Insufficient evidence regarding the effectiveness of medical treatments has been identified as a key source of inefficiency in the U.S. healthcare system. Clinicians vary widely in their recommendation and use of diagnostic tests and treatments for patients with similar symptoms or conditions. This variation has been attributed to clinical uncertainty, since the current published scientific evidence base does not provide adequate information to determine which treatments are most effective for patients with specific clinical needs. A surprisingly high proportion of the healthcare services received by patients today may have limited value, while some care may even be harmful (Owens, Qaseem, et al., 2011). By helping clinicians, patients, payers, and others to better distinguish between effective and ineffective (or potentially harmful) therapies, comparative effectiveness research (CER) has the potential to slow the growth of spending on healthcare without adversely affecting the quality of care.
The Institute of Medicine (IOM) defines CER as the generation and synthesis of evidence that compares the benefits and harms of alternative methods for preventing, diagnosing, treating, and monitoring a clinical condition or improving the delivery of care. It further states that the purpose of CER is to assist consumers, clinicians, purchasers, and policymakers in making informed decisions that will improve healthcare at both the individual and population levels. The Federal Coordinating Council for Comparative Effectiveness Research used similar terms to define CER (Federal Coordinating Council for Comparative Effectiveness Research, 2009).[*]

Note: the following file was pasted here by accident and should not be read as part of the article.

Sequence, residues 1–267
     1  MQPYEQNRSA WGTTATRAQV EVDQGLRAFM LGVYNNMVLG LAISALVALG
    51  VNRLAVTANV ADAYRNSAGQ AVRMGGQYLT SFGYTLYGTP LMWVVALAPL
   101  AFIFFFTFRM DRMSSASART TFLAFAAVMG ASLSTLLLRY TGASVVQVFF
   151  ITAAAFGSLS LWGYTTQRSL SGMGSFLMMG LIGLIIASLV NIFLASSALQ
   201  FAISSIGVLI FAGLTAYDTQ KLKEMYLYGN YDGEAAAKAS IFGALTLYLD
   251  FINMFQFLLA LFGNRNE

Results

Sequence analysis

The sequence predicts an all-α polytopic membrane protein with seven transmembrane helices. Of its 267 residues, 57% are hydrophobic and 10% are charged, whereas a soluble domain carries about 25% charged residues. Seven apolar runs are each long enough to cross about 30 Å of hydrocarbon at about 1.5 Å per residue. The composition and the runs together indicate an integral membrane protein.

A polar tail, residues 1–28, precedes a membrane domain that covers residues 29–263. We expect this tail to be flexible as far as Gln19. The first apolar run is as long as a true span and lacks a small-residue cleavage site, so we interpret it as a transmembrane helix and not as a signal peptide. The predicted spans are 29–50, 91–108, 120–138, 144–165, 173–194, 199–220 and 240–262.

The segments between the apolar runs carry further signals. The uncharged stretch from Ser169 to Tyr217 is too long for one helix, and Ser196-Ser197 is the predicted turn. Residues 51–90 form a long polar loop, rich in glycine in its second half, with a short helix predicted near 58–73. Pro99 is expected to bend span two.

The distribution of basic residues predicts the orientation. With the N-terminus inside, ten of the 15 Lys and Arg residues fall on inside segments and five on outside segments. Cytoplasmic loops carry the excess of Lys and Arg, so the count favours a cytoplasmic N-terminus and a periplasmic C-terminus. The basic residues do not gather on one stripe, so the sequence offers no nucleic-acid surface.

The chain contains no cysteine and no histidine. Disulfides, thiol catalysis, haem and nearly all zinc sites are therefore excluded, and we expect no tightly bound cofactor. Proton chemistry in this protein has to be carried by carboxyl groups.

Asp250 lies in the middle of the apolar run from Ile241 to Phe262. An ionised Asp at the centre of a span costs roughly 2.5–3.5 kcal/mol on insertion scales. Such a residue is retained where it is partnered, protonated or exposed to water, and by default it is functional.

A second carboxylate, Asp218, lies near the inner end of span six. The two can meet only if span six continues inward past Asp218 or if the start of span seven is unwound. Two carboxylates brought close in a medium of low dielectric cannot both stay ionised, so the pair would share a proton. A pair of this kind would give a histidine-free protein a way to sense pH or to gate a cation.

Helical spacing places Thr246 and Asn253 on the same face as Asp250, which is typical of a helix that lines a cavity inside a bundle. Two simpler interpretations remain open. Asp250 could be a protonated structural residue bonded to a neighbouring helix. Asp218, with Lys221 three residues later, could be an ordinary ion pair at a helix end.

CER differs from other clinical research in a number of key ways. First, it is intended to provide information directly relevant to the decisions of a wide range of stakeholders, since it addresses both the clinical and policy aspects in the selection of tests, treatments, and quality improvement strategies. Unlike randomized controlled trials (RCTs), which examine the efficacy of tests, treatments, or quality improvement strategies in highly specified samples, CER addresses their effectiveness in a broader and more diverse set of populations and settings. Second, CER focuses on comparisons of alternative clinical approaches that have demonstrated efficacy in RCTs but may differ with respect to effectiveness in some populations, side effects, or costs. Third, CER may emphasize collection of data on subgroups in order to facilitate individualized decisionmaking. Fourth, CER uses observational or pragmatic research methods designed to enhance generalizability, including treatment allocation and the measurement of outcomes in real-world settings that are relevant to patients. In particular, CER may draw from a more comprehensive set of population outcomes, examining a wider range of harms, as well as benefits, that may be relevant to patients.